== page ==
FIG. 9 shows an exemplary optical body 90 that includes a rough peelable skin 92 that is operatively coupled to a second top layer 76. The first top structured surface 18 includes a plurality of raised structures. The rough peelable skin layer 92 includes a plurality of protrusions. 10 shows an exemplary optical body 100 in which a rough peelable skin 92 is removed such that the second top structured surface is structured through a plurality of recessed structures.

Another embodiment disclosed herein is an optical body as shown in FIG. The embodiment of 110. In this embodiment, the optical film 42 is fastened to the bottom surface of the bottom layer 16 and the second bottom layer 72. Adjacent to the second bottom layer is a second top layer 76, which may comprise a fourth extrudable polymer or a fifth extrudable polymer as described above. The optical body includes: a first optical component, the first optical component comprising: a first top layer 12 having a first top structured surface, the first top structured surface collimating light; The top structured surface is relatively fastened to the first core layer 14 of the first top layer; and a first bottom layer 16 is secured to the first core layer opposite the first top layer; wherein: the first top layer or The first core layer comprises a first extrudable polymer having a flexural modulus greater than 2.5 GPa as measured according to ASTM D790, and another layer comprising a second extrudable polymer, The second extrudable polymer has a flexural modulus of 2.5 GPa or less than 2.5 GPa as measured according to ASTM D790, an impact strength greater than about 40 J/m as measured according to ASTM D256, and an amount according to ASTM D638 Measured to have an elongation at break greater than about 5%; and the first bottom layer comprises a third extrudable polymer; a second optical element comprising: a second having a second top structured surface a top layer 76, the second top structured surface diffuses light; and a a second bottom layer 72 secured to the second top layer opposite the second top structured surface; wherein: the second top layer comprises any one of: a fourth extrudable polymer, the fourth The extrudable polymer has a flexural modulus greater than 2.5 GPa as measured according to ASTM D790, or a fifth extrudable polymer having 2.5 GPa as measured according to ASTM D790 or a flexural modulus of less than 2.5 GPa, as measured according to ASTM D256, greater than about 40 J/m impact strength and elongation at break greater than about 5% as measured according to ASTM D638; and the second bottom layer comprises a sixth extrudable polymer; and a first fastening to the first bottom layer 16 and An optical film 42 of the second bottom layer 72, the optical film comprising a polarizer film, a reflective polarizer film, a diffuse blending reflective polarizer film, a diffuser film, a brightness enhancement film, a turning film, A mirror film or a combination thereof. The rough peelable skin layer can be operatively attached to the first top structured surface, the second top structured surface, or both.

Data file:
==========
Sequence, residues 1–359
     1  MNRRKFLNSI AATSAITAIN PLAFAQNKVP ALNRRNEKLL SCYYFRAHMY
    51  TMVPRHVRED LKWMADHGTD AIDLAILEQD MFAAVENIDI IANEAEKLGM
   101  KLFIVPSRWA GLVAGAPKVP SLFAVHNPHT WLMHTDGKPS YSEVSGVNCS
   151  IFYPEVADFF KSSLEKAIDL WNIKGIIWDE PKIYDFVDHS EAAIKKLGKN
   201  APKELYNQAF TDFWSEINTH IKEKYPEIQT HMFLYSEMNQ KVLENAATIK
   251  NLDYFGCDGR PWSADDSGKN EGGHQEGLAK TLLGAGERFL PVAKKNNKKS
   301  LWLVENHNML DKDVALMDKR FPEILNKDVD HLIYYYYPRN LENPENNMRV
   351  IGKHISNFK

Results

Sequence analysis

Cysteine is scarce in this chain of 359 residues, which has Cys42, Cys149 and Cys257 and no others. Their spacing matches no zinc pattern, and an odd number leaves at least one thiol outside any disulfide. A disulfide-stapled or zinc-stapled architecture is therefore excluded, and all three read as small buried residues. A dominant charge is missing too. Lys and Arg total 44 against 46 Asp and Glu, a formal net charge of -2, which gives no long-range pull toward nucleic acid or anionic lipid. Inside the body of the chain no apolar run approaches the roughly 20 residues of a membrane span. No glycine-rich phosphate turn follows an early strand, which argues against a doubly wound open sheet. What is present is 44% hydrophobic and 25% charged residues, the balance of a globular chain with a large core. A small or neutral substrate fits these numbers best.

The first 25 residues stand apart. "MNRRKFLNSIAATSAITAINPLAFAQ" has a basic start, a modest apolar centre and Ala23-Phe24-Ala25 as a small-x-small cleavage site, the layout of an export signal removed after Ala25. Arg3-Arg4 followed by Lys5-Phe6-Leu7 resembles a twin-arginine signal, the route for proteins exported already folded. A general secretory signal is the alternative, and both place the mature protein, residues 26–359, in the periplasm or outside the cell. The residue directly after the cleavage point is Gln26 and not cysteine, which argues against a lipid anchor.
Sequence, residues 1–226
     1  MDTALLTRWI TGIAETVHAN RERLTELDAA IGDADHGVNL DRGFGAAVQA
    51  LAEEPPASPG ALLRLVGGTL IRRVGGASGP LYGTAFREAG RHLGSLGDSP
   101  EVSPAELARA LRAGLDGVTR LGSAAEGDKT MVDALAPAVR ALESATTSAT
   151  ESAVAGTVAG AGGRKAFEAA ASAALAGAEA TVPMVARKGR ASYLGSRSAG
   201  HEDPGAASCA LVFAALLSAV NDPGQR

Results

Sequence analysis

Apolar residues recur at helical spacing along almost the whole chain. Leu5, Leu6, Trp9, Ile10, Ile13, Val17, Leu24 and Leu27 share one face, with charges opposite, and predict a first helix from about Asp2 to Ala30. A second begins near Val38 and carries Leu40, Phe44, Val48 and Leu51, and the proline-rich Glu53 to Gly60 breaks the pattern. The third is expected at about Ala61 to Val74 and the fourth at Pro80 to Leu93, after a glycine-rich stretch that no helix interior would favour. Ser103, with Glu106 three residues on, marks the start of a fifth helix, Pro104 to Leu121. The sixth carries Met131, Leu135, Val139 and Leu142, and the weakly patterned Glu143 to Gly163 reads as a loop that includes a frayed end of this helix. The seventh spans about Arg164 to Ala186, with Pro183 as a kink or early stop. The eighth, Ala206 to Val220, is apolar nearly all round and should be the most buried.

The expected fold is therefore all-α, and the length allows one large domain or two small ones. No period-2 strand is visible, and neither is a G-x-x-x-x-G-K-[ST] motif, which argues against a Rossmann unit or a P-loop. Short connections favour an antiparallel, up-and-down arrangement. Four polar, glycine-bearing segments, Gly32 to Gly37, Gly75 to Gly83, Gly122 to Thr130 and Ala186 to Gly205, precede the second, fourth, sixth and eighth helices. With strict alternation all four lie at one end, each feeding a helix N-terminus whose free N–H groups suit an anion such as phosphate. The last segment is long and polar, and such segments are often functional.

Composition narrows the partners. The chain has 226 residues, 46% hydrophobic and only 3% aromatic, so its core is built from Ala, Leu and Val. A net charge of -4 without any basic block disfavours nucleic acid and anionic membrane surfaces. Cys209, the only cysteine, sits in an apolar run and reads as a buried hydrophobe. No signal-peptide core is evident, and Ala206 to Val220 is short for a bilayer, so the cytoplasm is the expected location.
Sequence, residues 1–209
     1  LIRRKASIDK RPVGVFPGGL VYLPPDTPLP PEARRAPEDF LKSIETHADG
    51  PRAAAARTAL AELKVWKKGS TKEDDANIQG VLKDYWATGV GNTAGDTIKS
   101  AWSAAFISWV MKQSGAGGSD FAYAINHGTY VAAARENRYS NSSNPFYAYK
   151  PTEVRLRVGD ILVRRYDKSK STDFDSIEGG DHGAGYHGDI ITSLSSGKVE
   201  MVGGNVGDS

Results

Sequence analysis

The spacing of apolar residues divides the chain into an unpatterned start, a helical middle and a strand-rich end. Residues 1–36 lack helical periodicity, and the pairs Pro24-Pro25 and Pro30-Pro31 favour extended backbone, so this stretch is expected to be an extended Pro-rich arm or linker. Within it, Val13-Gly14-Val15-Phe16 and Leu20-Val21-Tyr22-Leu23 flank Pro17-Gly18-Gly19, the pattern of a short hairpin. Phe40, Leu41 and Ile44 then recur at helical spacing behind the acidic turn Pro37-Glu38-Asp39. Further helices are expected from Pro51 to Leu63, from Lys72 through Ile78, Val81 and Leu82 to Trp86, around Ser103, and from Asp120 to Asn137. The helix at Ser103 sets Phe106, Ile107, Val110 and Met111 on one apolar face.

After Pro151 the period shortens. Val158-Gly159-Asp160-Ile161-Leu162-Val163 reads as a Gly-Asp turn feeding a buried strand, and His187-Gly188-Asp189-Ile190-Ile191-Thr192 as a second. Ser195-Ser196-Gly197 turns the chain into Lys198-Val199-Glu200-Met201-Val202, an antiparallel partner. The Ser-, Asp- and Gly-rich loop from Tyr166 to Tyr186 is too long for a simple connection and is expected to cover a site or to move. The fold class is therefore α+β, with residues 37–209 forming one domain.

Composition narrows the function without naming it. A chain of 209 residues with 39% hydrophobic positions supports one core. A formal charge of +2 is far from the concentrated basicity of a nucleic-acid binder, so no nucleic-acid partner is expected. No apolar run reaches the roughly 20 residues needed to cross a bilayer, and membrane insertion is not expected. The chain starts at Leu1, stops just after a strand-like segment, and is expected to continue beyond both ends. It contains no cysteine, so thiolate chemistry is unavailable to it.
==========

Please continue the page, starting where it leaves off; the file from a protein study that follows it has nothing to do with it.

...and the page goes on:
In the particular embodiment shown in FIG. 11, exemplary optical body 110 includes a rough peelable skin layer 112 operatively coupled to second top layer 76, and first top structured surface 18 includes a plurality of raised structures. The rough peelable skin layer 112 also includes a plurality of protrusions. 12 shows an exemplary optical body 120 in which the rough peelable skin layer 112 is removed such that the second top structured surface is structured through a plurality of recessed structures.

An optical body comprising two optical elements can be made by extruding any of the layers onto an optical film as described above or by fastening the fabricated optical element to an optical film. For example, an optical body comprising two optical elements can be prepared by simultaneously extruding a layer of a first optical element and a second optical element onto an optical film. Alternatively, any of the layers may be extruded in a sequence, for example, the layer used to form the first optical element may be extruded onto the optical film and, at some later time, will be used to form the second optical element. The layer is extruded onto the other side of the optical film. The layer used to form the first optical element can also be extruded onto the optical film and the second optical element can be secured to the other side of the optical film at some later time, as described above.

For an optical body comprising two optical elements, the optical body can assume an asymmetry in any number of ways. That is, the top layers can have different thicknesses, the core layers can have different thicknesses, and/or the bottom layers can have different thicknesses. Similarly, the first extrudable polymer and the fourth extrudable polymer can be different, the second extrudable polymer and the fifth extrudable polymer can be different, and/or the third extrudable The exit polymer can be different from the sixth extrudable polymer. In general, the particular combination of layers used is selected for the desired properties, functions, etc. required for the optical body. For example, a combination of layers can be selected to initiate warping of the optical body. Materials usable as the fourth extrudable polymer, the fifth extrudable polymer, and the sixth extrudable polymer include the above for the first extrudable polymer, the second extrudable polymer, and the third The materials described by the polymers can be extruded. The structured surfaces can be the same or different. For example, the second top structured surface can provide more diffusion than the first top structured surface. If the structured surface is different, it can be formed in different ways, for example, the first top structured surface can be structured immediately after co-extrusion and by using a molding tool in the form of a roll, and the second top The structured surface can be structured at a later time by stamping with a roller or stamping.